The current governments of the UK and USA, though, have not stopped at simply making their own countries more authoritarian, they have found an additional use for 'the war on terror' and that is, to advance economic and geo-political goals. Everyone knows that Saddam Hussain was no supporter of Islamist terrorism. He ran a secular state and was having to keep the different Muslim sects in his country in check. Support for that kind of terrorism was more likely to come from the British and American ally, Saudi Arabia. Saddam Hussain had been an ally of the West during the Cold War and after the Ayatollah's regime came to power in Iran in 1979, but by the 1990s his purpose was over. For the West he was becoming too nationalistic (this is the time when Western powers usually intervene, for example, with Nasser in Egypt in 1956) and of course, as I have discussed in the post 'Oil. What's it Good For? War!' the USA needed to secure a good source of oil for itself that the Chinese were not involved with yet. So, the war on terror was used as an excuse for a neo-colonial war to secure resources, so familiar in the 19th century, but seemingly less common now, or so we thought ...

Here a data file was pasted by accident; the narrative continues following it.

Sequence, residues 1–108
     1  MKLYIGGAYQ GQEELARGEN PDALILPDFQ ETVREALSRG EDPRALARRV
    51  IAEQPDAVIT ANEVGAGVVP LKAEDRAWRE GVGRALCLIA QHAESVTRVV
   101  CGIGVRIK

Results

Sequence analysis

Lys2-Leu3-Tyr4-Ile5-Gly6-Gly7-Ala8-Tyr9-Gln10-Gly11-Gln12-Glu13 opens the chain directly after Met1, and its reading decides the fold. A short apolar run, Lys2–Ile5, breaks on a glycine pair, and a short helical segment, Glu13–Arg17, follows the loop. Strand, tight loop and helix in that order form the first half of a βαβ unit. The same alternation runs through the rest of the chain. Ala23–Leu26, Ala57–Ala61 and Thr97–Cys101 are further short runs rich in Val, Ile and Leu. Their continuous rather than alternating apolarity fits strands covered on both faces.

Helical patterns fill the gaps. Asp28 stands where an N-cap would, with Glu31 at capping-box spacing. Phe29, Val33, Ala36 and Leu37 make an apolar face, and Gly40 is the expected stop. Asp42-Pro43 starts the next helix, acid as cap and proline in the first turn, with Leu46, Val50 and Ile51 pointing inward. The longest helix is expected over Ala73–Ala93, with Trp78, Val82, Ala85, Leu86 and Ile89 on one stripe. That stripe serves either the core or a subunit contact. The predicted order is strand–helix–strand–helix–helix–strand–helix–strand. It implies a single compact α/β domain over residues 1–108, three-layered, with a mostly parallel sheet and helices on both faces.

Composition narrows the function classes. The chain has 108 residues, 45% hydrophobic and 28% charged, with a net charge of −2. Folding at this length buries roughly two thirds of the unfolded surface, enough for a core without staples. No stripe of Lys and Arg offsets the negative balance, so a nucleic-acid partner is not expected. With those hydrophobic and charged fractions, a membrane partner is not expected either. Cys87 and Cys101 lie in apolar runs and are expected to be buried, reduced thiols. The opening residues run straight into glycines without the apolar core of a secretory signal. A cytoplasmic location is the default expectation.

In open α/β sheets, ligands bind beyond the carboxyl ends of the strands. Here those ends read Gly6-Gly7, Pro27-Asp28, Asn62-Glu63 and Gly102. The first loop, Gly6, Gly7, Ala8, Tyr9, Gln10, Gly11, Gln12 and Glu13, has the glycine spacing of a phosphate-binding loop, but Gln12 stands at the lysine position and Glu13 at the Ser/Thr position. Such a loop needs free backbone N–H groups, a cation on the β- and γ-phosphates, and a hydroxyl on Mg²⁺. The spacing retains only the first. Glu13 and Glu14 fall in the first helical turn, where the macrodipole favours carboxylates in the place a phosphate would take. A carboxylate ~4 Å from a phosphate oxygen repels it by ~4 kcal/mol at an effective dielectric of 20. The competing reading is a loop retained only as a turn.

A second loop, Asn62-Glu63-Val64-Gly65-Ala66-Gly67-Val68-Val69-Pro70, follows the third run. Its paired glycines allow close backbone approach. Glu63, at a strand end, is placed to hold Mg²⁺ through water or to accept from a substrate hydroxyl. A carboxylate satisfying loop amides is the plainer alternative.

Back to the UK perspective. I think Tony Blair, poor man, did genuinely believe that he was fighting a major threat in Iraq. He liked the fact that the terror 'threat' allowed him to be stricter in the UK, because, as I noted in '10 Years of the Blair Party', he has always had some authoritarian tendencies. However, he also allowed himself to be convinced, not by his own intelligence services, but by material from them distorted by political players, that Iraq was a threat. In addition, Saddam Hussain was a cruel dictator who needed to fall, but the West had already failed at that once in 1991 and while they actually removed the man this time, they unleashed all the forces that his strength had kept in check, all for the sake, not of countering terrorism because that has increased since the war, but for the oil reserves his regime sat on. In reviews of Blair's career today, Iraq overshadows everything else he did. This is fair, it was his greatest blunder, the blood of thousands of people is on his hands and it showed that despite his charisma and his belief that he controlled events, he was a weak leader, too easily influenced by one of the most brainless politicians a democracy has suffered. It showed, too, at the end of the day, he lacked the confidence in himself to divert Bush's plan. In 1950, Prime Minister Clement Attlee (unintentionally turning into a bit of a hero on these pages) flew to the USA and successfully persuaded President Truman not to drop atomic bombs on North Korea. Though this is an overlooked historical incident, it no doubt saved the fates of millions and a lot of the Korean peninsula is not a wasteland. Blair would have gone down in history if he could have acted as such a brake on Bush, but instead decided to not only roll over for his objectives but actively support such a foolish, and probably illegal, step.